Cindy DePorter fit all the pieces together to make it possible to take her horse, Drop the Buck, to the USEA Adult Team Championship in September. DePorter is the Co-Chair of the USEA Adult Riders’ Committee, and while she plays a big role in making the ATC happen for adult riders across the country, she decided to take part in the fun for herself this year.
The time is drawing nigh, as the old saying goes. In just a few days I will hit the road with my traveling mate to head to the USEA Adult Team Championships in Tyler, Texas! My teammate Adele “Sugar” Baker and I will intersect our paths at a designated location near I-85 (USEA President Diane Pitts suggested the southern route to Tyler), so I will stop and get her on Tuesday night. We will drive through the night and hopefully get into Tyler midday Wednesday!
Buck and I have had an interesting preparation for the ATCs. We used one of my favorite events, the Five Points Horse Trials at the Carolina Horse Park, as a preparatory event for Texas. Dressage went well; a 38 put us in third place. It would probably have been higher but the silly horse bucked through his medium canter. He was on the muscle! Show Jumping was tough and we dropped one cheap rail, but the majority of the division had a rail too so I stayed in third place.
Cross-country had a lot of big questions but Buck and I were rocking and rolling along. We came down to the coffin and I just didn’t sit up and ride. You actually have to have some pace to jump (a novel concept!) and he just quietly stopped. I gave him a smack, turned around and he said, “Oh, you wanted me to jump it?” Yeah silly, I did.
He had been jumping great until that point and eating up the course, but it taught me not to take anything on course for granted. He had an old abscess blow two weeks prior and I really think that contributed to the stop at the first element of the coffin as it was downhill and a little hard. But it was a good wake-up call and he will be soaked and re-soaked. The blacksmith is taking a look to cover all my bases.
The weather at Five Points was brutal - in the upper nineties with the most oppressive humidity I have ever dealt with. By the end of each, ride my clothes were dripping as was the horse, and I had been deliberately riding in the heat in order to acclimate us both. We are ready for Texas heat!
Last week for conditioning I did four trot sets with five minute walk intervals, and this week I’ll do 25 minutes straight of trotting on Friday before we ship, which should tighten him down. I have upped his grain to 4.5 pounds two times a day with all the hay and grass he wants.
My trainer Holly Hudspeth has been working our butts off and it did pay off at Five Points. Our stadium was really fab-o. We have been doing bending lines, roll backs (these seem to be the “thing” this year), liver pools, long gallops to big oxers, one stride in-and-outs, two stride in-and-outs and big oxers off of turns. Marc Donovan, one of my favorite course designers, had covered all the bases that I mentioned; his first two turns were roll backs, and he ended with two more roll backs! I took all the short routes as Holly planned, it was like driving a sports car! GO BUCK!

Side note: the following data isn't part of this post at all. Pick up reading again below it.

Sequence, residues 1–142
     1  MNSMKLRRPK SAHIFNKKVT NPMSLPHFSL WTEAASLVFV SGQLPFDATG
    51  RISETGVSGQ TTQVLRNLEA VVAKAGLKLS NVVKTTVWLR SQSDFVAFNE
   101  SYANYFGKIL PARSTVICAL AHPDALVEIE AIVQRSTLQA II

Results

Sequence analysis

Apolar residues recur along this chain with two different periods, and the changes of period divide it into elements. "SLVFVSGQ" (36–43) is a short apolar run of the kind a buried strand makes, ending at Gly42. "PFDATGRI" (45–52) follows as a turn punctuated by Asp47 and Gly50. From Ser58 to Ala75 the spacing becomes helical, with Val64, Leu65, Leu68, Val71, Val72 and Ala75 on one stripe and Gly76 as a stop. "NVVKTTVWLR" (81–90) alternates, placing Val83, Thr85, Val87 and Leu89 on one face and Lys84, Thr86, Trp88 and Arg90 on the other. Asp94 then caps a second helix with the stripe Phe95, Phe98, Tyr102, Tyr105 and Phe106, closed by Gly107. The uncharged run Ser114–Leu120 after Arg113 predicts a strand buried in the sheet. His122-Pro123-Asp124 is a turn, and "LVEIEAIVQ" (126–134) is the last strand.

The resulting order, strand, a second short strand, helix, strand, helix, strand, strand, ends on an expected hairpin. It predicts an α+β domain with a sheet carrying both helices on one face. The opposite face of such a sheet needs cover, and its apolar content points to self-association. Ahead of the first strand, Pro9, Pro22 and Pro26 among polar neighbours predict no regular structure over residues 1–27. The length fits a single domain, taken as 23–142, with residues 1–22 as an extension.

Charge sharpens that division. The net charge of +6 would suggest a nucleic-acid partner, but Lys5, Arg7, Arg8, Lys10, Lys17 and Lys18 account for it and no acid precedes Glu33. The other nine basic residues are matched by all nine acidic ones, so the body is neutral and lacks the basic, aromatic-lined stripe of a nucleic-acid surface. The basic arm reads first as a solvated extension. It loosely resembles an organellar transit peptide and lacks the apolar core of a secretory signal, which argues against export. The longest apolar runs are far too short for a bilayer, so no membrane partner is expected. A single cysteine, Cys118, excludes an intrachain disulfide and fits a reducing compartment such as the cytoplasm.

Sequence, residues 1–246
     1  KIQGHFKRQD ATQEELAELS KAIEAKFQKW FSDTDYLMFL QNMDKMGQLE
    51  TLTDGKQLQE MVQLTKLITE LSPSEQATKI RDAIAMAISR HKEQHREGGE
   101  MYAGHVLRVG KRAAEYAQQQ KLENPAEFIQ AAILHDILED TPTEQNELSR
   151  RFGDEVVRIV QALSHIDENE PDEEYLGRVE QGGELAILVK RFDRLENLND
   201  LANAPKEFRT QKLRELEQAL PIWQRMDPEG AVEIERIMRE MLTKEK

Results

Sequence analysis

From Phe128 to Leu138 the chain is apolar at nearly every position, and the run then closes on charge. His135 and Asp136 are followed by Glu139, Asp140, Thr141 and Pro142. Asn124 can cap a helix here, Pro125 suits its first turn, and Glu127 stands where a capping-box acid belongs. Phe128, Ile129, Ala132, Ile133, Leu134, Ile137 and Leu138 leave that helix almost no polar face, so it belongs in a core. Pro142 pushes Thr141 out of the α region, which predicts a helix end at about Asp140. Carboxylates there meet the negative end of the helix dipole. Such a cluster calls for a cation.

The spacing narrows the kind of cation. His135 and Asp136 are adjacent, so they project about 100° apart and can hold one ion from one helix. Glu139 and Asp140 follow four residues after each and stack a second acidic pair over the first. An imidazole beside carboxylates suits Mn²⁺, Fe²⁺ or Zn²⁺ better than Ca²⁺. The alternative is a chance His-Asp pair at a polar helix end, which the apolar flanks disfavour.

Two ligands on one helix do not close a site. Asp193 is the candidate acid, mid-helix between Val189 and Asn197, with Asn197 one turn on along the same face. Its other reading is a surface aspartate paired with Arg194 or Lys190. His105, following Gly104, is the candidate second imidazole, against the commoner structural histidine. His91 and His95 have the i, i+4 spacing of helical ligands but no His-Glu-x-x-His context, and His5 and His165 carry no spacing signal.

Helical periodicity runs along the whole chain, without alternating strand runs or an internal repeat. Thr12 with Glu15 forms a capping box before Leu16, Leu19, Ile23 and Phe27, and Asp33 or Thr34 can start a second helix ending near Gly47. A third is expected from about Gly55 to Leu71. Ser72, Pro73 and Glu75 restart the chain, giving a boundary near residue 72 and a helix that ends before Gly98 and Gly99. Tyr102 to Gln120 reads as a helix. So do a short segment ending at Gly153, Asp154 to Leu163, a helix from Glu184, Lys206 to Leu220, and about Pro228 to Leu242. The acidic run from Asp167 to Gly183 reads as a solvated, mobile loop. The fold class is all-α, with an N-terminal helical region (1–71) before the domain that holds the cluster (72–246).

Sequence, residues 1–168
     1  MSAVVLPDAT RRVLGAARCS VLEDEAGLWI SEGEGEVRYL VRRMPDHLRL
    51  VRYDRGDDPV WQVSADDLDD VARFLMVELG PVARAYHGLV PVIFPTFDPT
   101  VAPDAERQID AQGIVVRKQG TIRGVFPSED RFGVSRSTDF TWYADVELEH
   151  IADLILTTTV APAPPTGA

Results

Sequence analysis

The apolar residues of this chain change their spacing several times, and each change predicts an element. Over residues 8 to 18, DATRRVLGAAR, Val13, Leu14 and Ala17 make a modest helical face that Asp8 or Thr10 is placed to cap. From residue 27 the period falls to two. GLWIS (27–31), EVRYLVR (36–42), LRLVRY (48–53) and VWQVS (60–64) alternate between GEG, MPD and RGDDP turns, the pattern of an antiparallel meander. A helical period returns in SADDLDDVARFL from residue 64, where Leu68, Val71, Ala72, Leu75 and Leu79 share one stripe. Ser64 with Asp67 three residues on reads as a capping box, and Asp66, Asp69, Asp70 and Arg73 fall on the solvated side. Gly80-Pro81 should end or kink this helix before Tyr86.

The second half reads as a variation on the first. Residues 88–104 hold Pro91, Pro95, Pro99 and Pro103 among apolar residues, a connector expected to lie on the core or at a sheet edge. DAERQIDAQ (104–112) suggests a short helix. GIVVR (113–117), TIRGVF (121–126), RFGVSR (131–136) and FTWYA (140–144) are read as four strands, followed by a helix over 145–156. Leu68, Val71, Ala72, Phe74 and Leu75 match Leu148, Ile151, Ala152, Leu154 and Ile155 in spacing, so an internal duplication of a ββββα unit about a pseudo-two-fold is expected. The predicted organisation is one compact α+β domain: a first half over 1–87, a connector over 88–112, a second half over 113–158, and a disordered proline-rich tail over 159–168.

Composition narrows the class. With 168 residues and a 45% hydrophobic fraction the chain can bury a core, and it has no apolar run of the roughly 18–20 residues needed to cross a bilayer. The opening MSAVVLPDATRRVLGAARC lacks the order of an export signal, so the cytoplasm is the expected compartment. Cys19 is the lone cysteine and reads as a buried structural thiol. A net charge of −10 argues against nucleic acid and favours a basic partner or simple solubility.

For cross-country, we have schooled drops into water, sunken roads, oxers, gallops and related distances. Holly’s preparation is fabulous and Buck and I are lucky to have her! The second drop we jumped on cross-country [at Five Points], he just bounded off and we both felt the line and the distance to the big mushroom jump. I looked and he went! YEHAW Buck! It was just so sweet! We will have at least one more jump school before we ship and I have to officiate a couple of times before I head to the ATC, so Holly is going to ride him some for me while I am gone. Personally I am now trying to run at least four days a week instead of three as I need to up own fitness, so that would put me up to at least six miles a week!
Are the ATCs just another horse show? Hell no! They are the championships and I intend to go down and be as competitive as possible! This week served as a reminder that I better have my game on. Buck always does but I have to really ride him to step up and do the job! I hate that I didn’t ride that coffin better but it reminded me that I can’t just sit up there and hope he jumps. So the pressure is on for us to do the job and not let my teammates down! Watch out Texas, here we come!
In less than a year the USEA Foundation, USEA, and a group of passionate stakeholders have managed to raise $500,000 to build frangible fences thanks to donations from USEA members and eventing enthusiasts around the country. This money has gone directly to 116 different USEA recognized events with 151 frangible tables, 53 oxers, and 34 gate/wall fences already out on course – all built with grants distributed by the USEA Foundation.
John R. Pingree a lifelong resident of Hamilton, Mass. passed away Tuesday evening, January 19, 2021, at the age of 87. He was the husband of Dianne (Tuzik) Pingree. Born in Boston, he was the son of the late Sumner A. and Mary (Weld) Pingree. John grew up on Flying Horse Farm, his parents' farm. He graduated from Brooks School before joining the Air Force, where he served from 1952-1956.
The USEA has launched a new system for tabulating points for the year-end leaderboards which will begin with the 2021 competition season. Previously, leaderboard points were awarded based on placing and further determined by the number of starters in a division, often giving the focus to the quantity of rides a competitor could complete in a given competition season.
There are many reasons why I love using cavaletti throughout the year, but the main one is that they help you practice seeing your stride without taxing your horse’s legs. Not everyone has the option of jumping several horses a week, so it can be hard to find that balance between being able to practice your jumping enough and not over-jumping your horse.